Quagmire! What a great word!
It’s such a great word that I didn’t bother with the Urban Dictionary this week owing to the wealth of information in Merriam-Webster, although there was one hilarious submission in the UB (as usual).
Used by President Obama in his State of the Union speech may have got tongues wagging? I bet he knew what it meant. I doubt whether Donald Trump knows even though he would be in a quagmire of his own making if he actually did shoot someone 🙂
: an area of soft, wet ground
: a situation that is hard to deal with or get out of : a situation that is full of problems
1: soft miry land that shakes or yields under the foot
2: a difficult, precarious, or entrapping position : predicament
See quagmire defined for English-language learners
Examples of quagmire
A Girl of the Limberlost is a Cinderella story whose wicked stepmother, in an interesting twist, is the heroine’s real mother. She is a crazy person, deranged by grief for a husband who was sucked into a quagmire before her eyes when she was pregnant with Elnora. —Janet Malcolm,New York Review of Books, 15 Jan. 2009
That was six months ago, when the Defense secretary laughingly dismissed the idea that Iraq was, or could turn into, a quagmire. But as Rumsfeld sat down last Friday morning to face Sen. John McCain, who spent six years in a Vietnamese prison, no one was laughing. —Michael Hirsh et al., Newsweek, 17 Nov. 2003
State involvement will create a vast bioethical quagmire. Even if everyone magically agrees that improving a child’s memory is as valid as avoiding dyslexia, there will still be things taxpayers aren’t ready to pay for—genes of unproven benefit, say, or alterations whose downsides may exceed the upside. —Robert Wright, Time, 11 Jan.1999
<the party was once again facing its quadrennial quagmire: the candidate sufficiently liberal to win the nomination would be too liberal for the general election>
<a protracted custody dispute that became a judicial quagmire>
First Known Use
bind, box, catch-22, corner, dilemma, fix,hole,impasse, jackpot [chiefly West], jam,mire,pickle, predicament, rabbit hole,rattrap,spot, sticky wicket¹, swamp
difficulty,node; hot water, soup; pinch,plight, quandary, scrape, trouble; deadlock,halt, logjam, stalemate, standstill; clutch,crisis, crossroad, emergency, exigency,juncture, strait
President Obama used the word—with an uncommon pronunciation—during his final State of the Union
Quagmire spiked the evening of January 12th, 2016, after President Barack Obama used the word in his State of the Union address, speaking of the need to exercise caution in foreign affairs:
We also can’t try to take over and rebuild every country that falls into crisis. That’s not leadership; that’s a recipe for quagmire, spilling American blood and treasure that ultimately weakens us. It’s the lesson of Vietnam, of Iraq — and we should have learned it by now.
Quagmire is a word that is often associated with military conflicts in which the invading army becomes bogged down. The word’s meaning and etymology make such use quite logical; not only is a quagmire a bog, or area of soft ground in which it can be difficult to walk, but the word is formed by combining quag (meaning marsh) with mire (a word meaning ‘to cause to stick fast in’).
When used to describe an undesirable military situation, quagmire is frequently found in reference to the involvement of the United States in Vietnam. It has been used to describe this conflict since at least 1963, when Irving Kristol used it, writing in The New Leader:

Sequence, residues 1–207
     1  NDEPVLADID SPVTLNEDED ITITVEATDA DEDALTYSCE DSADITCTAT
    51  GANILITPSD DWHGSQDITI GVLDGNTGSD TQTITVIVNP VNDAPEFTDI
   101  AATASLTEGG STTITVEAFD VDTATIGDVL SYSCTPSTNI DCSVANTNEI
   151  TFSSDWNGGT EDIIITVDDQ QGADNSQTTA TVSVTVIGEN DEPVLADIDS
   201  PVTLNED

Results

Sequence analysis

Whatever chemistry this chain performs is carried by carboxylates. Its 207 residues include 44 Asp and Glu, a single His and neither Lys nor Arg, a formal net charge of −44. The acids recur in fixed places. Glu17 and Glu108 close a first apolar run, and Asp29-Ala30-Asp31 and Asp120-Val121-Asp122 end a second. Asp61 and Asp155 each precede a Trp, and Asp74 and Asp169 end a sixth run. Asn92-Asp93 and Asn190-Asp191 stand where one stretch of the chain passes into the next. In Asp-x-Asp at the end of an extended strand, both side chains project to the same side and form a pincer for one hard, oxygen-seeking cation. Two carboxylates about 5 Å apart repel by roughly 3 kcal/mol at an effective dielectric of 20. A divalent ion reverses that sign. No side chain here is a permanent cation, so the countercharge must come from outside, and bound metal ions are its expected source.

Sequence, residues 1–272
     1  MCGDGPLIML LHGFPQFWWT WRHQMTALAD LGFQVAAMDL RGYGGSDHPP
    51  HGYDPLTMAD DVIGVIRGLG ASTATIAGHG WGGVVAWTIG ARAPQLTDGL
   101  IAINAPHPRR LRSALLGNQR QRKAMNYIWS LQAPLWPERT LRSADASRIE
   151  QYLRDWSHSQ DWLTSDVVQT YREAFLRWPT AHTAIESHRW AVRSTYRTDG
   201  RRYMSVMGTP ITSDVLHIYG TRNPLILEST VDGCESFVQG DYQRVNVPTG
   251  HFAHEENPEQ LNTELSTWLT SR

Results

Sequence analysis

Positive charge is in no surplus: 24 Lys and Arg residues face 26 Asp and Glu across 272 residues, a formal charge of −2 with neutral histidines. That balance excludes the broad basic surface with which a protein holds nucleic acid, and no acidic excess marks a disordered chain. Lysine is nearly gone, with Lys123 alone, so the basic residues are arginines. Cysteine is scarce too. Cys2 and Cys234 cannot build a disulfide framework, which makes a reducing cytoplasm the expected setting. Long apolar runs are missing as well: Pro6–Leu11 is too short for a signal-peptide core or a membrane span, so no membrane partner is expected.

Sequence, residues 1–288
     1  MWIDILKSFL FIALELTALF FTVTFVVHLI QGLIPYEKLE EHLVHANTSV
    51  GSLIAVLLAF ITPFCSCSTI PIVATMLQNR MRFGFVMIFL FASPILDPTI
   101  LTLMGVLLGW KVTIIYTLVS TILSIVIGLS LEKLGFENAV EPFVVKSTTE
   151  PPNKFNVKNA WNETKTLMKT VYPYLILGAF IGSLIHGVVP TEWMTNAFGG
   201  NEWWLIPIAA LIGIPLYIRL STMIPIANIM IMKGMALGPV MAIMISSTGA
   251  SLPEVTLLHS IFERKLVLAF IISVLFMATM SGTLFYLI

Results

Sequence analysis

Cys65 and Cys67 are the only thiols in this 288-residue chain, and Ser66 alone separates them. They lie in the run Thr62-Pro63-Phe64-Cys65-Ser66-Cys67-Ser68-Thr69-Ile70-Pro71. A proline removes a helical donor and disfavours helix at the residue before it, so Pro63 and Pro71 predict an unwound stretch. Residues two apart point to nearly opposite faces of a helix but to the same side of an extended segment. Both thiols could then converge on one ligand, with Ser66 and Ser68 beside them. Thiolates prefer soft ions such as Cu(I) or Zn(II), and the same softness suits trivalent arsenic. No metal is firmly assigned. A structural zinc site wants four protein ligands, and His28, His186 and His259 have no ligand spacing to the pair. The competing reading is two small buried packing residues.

The United States cannot overthrow the Diem regime, occupy the country, manage the economy, run the civil administration, and then fight the war for the Vietnamese. We have troubles enough without plunging into that quagmire.
Although quagmire was first used (since 1566) to describe a literal swamp, it quickly became used in a figurative sense, to mean ‘a situation that is full of problems’. A letter from Sir William Cecil to Lord Sydney in 1567 used the word in just such fashion, to describe the state of affairs in Scotland:
Scotland is in a quagmire, nobody seemeth to stand still.
One non-political aspect of Obama’s use of the word that was commented on was his favoring of a pronunciation with a broad a (kwäg-mī(-ə)r), rather than a short one, with the vowel in the first syllable matching the one in ‘top,’ instead of the typically used vowel that matches the one in ‘tap‘. This led Ronan Farrow to declare on Twitter: “The real winner tonight – people who pronounce “quagmire” with a long “a“.” (Farrow uses the term “long a,” which phoneticians would say sounds like the a infate).
And an opposing view of Farrow’s declaration is this tweet full of understatement of the import of that mispronunciation. It is is reproduced below –
As an Englishman, I’m with Behrle. You Yanks do mangle the English language 🙂
Okay, here is the UB version –
family guy giggity sex dilemma predicament giggidyiraq peter griffin goo pervert clusterfuck family guy mess penis pickle funny glenn quagmire peter war
“Clusterfuck” – don’t you just love the English language (and what our former colonies have added to it!)
I’m having a ball with Word Wednesday Fun so come and join in.
¹ I will attempt to explain sticky wicket to my American friends 🙂 It’s not fully explained in M-W
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Interesting how “quagmire” gets used by a colonial power when they enter “foreign soil” and then find the ground a wee bit unstable (not just metaphorically speaking). A quagmire–or its affiliate “bog” or “fen”–is darn helpful when it comes to guerrilla tactics.
Always thought quagmire was a pretty cool word…as is clusterf@#k…both are very descriptive 🙂